The Turkish opposition’s dilemma on the referendum result
The Turkish referendum on the presidency is over but both the legal and the political debates are continuing, despite the Supreme Election Board’s (YSK) rejection of the appeals by the opposition parties over the claims of fraud in the vote count.
The naysayers have protested the YSK ruling, claiming it was taken under government pressure – similar to its announcement on the night of the referendum on April 16 that the unsealed ballots would be accepted as valid. The social democratic Republican People’s Party (CHP) and Peoples’ Democratic Party (HDP), which focuses on the Kurdish issue, formally appealed to the YSK for the annulment of the referendum on that reason.
The only legal way left for the naysayers is to appeal to the Constitutional Court on an individual basis, not as a party. If that will be the case, if there will be appeal requests by individual citizens, will the top court annul the referendum, even if the fraud charges are proven somehow? That is a delicate question, especially if the current political atmosphere in Turkey is considered.
The system change has been desired by President Tayyip Erdoğan for at least the last 10 years. With the backing of Devlet Bahçeli, the leader of the Nationalist Movement Party (MHP), Erdoğan and Prime Minister Binali Yıldırım was able to push it through parliament to the referendum. That has cost Bahçeli dear. A recent survey by IPSOS/CNN Türk showed that more than 70 percent of his party did not vote “yes” in the referendum. But the “yes” front managed to get 51.4 percent of the votes, but that was overshadowed by the YSK announcement about the unsealed ballots, which was likened to moving the goalposts after the game was over.
The amendments involve the Constitutional Court a lot; a majority of its members will be appointed by the president. The court ruling will probably be questioned as being a political one, regardless of the outcome.
CHP leader Kemal Kılıçdaroğlu said they retain the option of going to the European Court of Human Rights (ECHR) if the appeal is rejected by the Constitutional Court. There will perhaps be no legal problem regarding such a move, but would that be the right thing to do in political terms? Going to an international court to cancel a national vote is not something seen before; it is legally OK but politically questionable.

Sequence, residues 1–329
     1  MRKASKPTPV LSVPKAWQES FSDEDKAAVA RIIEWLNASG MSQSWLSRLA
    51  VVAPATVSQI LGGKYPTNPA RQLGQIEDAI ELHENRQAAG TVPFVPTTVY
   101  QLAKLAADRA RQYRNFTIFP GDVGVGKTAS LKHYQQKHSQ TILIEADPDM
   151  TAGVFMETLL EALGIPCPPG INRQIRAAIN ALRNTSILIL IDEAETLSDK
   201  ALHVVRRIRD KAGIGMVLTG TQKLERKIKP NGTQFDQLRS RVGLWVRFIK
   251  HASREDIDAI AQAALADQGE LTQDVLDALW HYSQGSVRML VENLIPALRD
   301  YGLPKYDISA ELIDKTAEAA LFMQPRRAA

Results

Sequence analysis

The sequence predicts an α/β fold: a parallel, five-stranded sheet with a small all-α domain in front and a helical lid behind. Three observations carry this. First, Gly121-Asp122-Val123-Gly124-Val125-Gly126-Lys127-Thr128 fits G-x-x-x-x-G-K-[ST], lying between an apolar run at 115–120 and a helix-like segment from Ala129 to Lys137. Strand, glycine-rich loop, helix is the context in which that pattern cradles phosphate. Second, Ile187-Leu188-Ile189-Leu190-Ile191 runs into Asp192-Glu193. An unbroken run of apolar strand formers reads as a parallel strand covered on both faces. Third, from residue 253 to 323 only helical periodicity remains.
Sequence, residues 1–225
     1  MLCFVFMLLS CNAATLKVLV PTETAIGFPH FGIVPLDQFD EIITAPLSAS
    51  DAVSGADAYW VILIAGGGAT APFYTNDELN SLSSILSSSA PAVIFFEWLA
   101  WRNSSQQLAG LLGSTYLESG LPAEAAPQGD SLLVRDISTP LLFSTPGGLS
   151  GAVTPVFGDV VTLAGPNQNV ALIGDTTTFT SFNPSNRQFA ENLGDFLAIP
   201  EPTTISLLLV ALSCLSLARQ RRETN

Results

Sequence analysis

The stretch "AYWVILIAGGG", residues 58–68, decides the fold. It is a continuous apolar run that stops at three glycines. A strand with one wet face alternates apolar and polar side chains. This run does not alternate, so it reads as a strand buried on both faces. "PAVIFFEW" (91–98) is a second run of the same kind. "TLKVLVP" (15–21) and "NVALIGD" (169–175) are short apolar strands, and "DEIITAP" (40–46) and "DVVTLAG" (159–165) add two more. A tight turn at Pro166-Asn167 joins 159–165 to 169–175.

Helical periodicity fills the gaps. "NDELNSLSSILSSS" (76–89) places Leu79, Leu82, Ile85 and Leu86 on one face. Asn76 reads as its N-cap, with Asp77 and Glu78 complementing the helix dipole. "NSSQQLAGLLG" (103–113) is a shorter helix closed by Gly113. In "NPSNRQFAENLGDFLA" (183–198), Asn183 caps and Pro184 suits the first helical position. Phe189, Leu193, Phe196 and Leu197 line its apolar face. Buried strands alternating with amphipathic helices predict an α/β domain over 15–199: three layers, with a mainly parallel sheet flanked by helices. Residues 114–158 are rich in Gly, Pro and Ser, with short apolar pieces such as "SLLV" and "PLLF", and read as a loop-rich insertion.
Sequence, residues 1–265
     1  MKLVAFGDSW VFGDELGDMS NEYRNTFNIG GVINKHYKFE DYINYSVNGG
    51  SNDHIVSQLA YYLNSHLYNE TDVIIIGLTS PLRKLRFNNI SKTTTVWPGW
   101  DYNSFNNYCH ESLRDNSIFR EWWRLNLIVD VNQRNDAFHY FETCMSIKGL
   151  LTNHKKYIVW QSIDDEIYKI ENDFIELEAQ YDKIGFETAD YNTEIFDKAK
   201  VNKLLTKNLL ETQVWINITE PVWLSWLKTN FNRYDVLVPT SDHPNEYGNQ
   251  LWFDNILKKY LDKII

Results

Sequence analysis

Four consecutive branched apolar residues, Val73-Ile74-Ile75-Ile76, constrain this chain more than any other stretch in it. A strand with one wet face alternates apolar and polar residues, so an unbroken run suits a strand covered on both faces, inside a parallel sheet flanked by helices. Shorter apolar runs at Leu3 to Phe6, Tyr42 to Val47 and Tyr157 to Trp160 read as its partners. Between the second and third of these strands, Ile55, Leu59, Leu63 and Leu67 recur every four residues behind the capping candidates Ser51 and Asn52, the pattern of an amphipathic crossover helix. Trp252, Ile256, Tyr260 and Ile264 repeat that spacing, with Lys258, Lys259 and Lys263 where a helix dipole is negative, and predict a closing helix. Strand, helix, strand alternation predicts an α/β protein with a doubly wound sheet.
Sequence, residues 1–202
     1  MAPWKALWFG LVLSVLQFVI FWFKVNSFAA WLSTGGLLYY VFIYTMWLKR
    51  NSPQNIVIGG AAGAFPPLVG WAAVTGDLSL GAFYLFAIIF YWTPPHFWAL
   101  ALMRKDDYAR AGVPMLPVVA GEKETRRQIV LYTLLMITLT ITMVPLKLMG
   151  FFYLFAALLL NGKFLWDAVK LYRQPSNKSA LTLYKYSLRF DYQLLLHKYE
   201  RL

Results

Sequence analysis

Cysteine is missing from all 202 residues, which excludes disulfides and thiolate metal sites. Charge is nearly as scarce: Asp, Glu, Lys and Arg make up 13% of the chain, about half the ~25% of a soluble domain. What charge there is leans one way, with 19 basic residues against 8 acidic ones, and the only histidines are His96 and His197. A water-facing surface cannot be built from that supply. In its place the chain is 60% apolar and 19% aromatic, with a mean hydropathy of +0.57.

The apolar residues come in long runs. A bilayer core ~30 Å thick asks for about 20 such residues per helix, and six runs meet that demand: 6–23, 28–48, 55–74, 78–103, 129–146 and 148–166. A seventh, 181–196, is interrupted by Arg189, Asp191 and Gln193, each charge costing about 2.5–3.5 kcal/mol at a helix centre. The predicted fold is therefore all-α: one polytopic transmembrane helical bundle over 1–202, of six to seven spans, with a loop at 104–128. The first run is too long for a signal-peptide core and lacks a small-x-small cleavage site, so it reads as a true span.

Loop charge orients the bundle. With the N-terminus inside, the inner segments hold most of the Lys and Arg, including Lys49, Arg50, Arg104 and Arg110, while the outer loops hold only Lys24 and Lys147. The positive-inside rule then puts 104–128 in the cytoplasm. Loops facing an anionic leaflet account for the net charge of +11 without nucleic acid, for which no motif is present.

The CHP leader is also under pressure from within his party and from naysayers outside the CHP to take a more active stance against Erdoğan, the ruling Justice and Development Party (AK Parti) government and the YSK rulings. A gaffe by the party spokeswoman Selin Sayek Böke on April 19 about boycotting parliament was immediately corrected by a senior party figure, Levent Gök. Kılıçdaroğlu is trying to keep followers away from street protests for two main reasons: the physical security of the crowds against police action or possible counter demonstrations by pro-government groups and to avoid being publicly targeted by the government for bringing legal politics outside the parliament.
The HDP is already in trouble, with 14 of its members of parliament in jail, including co-chairs Selahattin Demirtaş and Figen Yüksekdağ. But at least the HDP has proven that it retained its grassroots with their call for “no” to a great extent.
The MHP could not do that as well. The dissidents who were expelled from the party by Bahçeli have not only proven that they have more influence on the grassroots but deny the allegations that they will establish a new party; Koray Aydın, the former secretary general, said on April 18 that their “home is the MHP” and that they “did not need any other one” as an indirect threat to Bahçeli’s position.